2. Because this then forces benefits cases to become compulsory cases, with the adverse consequences identified below.

A counter argument is that if there is Treasury saving for Income Support cases, then if those parents start working at least 16 hours per week, the child support will become fully available to them. Hence it is an incentive for those parents to start working at least 16 hours per week (which is a good thing of the children are older). I believe this counter argument fails for the following reasons:

  1. As seen below, less than half of compulsory cases will actually save money for the Treasury. So trying to save money causes harm in lots of cases where it won't even save money. The attempt has adverse effects well beyond its scope.
  2. Most benefits cases will yield very little or no Treasury saving, therefore will not provide such an incentive. If the incentive is needed, it must be sought elsewhere. (For example by removing entitlement to Income Support once the youngest is at secondary school).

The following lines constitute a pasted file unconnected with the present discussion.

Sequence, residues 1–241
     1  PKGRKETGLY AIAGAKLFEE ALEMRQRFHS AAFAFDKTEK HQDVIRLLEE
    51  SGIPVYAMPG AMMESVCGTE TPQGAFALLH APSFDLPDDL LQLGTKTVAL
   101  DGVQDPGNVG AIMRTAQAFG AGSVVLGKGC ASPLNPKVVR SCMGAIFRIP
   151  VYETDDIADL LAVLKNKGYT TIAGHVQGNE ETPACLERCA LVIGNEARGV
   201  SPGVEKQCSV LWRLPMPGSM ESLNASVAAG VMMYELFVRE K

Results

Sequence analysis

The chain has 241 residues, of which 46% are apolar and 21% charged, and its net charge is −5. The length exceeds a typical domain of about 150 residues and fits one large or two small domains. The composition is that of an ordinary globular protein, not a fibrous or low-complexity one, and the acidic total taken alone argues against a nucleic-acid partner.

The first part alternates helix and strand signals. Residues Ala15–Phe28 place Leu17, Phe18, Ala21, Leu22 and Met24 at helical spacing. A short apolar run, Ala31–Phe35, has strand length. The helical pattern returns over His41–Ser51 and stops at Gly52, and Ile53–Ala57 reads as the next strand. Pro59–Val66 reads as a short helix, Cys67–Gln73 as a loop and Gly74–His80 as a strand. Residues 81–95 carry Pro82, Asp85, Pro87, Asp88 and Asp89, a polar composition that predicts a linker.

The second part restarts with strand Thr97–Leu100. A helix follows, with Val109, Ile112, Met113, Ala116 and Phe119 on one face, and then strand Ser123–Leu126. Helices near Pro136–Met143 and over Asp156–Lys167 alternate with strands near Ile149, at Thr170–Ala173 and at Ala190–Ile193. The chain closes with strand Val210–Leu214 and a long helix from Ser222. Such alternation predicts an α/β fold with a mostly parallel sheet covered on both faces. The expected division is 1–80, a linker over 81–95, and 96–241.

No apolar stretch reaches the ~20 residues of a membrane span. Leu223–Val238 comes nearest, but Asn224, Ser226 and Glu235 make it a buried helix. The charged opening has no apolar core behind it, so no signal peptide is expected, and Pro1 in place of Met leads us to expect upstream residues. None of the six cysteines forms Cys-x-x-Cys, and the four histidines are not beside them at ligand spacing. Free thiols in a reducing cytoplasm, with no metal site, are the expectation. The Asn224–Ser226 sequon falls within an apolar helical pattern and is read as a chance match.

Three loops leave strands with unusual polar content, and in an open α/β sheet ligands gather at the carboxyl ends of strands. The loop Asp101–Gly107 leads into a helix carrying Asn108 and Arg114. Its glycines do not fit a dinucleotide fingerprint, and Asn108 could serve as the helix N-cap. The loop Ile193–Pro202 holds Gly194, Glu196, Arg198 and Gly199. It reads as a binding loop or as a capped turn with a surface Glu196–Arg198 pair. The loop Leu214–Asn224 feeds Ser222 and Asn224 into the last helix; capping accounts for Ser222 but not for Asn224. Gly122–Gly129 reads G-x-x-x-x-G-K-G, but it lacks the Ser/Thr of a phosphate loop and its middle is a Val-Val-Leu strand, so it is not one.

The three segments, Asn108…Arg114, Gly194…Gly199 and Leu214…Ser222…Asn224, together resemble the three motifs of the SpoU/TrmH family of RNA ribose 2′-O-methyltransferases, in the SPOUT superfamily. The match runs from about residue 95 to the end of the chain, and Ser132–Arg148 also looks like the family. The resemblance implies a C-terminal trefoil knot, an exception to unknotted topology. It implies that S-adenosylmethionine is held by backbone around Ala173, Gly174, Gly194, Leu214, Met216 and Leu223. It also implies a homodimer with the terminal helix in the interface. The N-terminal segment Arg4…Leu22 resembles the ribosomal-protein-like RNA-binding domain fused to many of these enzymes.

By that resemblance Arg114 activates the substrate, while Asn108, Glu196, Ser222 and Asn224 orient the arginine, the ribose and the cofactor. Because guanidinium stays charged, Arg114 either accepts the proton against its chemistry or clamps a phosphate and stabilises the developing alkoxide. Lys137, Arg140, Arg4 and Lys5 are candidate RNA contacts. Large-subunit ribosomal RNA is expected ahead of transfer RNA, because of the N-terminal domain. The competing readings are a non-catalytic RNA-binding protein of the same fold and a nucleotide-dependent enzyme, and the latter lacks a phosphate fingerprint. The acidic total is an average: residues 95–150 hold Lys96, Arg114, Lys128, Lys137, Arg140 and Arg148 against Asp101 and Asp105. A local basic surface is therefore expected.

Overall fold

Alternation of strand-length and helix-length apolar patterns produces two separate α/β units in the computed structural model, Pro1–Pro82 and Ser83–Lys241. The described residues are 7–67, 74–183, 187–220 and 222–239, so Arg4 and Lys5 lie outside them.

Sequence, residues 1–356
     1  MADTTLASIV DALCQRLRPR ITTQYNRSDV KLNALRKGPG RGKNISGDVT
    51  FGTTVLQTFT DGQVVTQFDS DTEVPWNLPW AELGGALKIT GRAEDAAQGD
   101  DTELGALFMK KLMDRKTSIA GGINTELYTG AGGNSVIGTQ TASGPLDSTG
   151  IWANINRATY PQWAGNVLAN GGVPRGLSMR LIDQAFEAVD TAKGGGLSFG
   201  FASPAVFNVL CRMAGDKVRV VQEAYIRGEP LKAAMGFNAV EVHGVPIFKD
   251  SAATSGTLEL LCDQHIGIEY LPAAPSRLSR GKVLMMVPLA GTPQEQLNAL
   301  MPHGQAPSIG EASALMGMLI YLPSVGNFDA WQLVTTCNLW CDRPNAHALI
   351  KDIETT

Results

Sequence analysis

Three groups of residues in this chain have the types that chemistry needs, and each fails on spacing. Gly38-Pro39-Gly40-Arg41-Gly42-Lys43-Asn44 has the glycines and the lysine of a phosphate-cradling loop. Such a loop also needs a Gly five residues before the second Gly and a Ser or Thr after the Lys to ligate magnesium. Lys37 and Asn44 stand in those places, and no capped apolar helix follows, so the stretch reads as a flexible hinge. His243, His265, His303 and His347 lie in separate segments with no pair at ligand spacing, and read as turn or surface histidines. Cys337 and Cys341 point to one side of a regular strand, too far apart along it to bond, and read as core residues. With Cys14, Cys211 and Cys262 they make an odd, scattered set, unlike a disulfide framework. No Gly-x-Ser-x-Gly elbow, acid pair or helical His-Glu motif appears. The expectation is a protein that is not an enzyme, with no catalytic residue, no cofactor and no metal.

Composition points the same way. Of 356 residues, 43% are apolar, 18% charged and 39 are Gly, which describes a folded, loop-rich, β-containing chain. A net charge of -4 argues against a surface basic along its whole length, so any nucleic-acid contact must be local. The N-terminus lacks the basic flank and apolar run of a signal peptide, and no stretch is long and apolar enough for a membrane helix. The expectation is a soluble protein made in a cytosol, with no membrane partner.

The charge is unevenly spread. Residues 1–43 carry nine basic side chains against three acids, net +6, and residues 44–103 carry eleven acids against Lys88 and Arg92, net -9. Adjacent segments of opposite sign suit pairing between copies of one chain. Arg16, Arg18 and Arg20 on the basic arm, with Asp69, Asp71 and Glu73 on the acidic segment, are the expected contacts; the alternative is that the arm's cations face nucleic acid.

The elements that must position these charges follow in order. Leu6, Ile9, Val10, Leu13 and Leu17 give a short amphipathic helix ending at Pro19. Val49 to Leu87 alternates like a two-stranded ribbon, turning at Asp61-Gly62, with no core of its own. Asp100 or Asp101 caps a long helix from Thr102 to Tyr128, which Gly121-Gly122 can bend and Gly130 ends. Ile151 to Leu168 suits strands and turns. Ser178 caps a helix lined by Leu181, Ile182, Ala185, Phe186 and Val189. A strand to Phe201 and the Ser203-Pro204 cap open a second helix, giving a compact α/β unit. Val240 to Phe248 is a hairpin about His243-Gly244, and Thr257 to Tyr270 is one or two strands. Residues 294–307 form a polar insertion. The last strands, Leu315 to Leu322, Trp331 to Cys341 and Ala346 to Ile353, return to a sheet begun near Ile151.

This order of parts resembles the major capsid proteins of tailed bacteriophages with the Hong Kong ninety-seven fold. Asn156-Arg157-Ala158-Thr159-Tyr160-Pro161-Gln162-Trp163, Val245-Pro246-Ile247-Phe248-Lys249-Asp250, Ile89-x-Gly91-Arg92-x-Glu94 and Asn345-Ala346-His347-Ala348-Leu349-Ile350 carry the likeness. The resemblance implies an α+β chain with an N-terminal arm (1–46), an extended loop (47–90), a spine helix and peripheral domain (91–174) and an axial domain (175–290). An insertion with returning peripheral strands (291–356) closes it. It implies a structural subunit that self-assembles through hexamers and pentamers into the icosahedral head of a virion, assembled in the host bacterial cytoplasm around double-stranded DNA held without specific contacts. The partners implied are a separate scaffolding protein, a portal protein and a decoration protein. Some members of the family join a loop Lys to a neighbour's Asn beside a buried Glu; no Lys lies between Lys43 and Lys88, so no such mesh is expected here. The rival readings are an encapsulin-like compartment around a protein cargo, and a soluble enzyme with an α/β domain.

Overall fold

Why no state compulsion?

State compulsion is known in many cases to cause damage to already strained relationships, to the detriment of both parents and the children. Examples include:

  • The non resident parent sometimes sees the CSA application by the parent with care as a personal attack on him/her.
  • The parent with care loses control of any attempts to make private financial or other support arrangements with the non resident parent.
  • The children see additional strain in the relationships between their parents, and obviously that sometimes affects the children
  • And, apart from such strain, this is an inducement to collude in trying to evade the compulsion.

If the Treasury savings or other advantages out-weighed the social ills caused by the compulsory state-interference in the lives of separated families, then the argument may be difficult to make. But, year by year, the number of cases in which the state has an actual financial benefit from compulsion reduces. As shown below, under the reformed scheme it will become perhaps about 18% of cases, with perhaps a further 19% of cases where the case will be compulsory but in fact there will be no actual Treasury saving.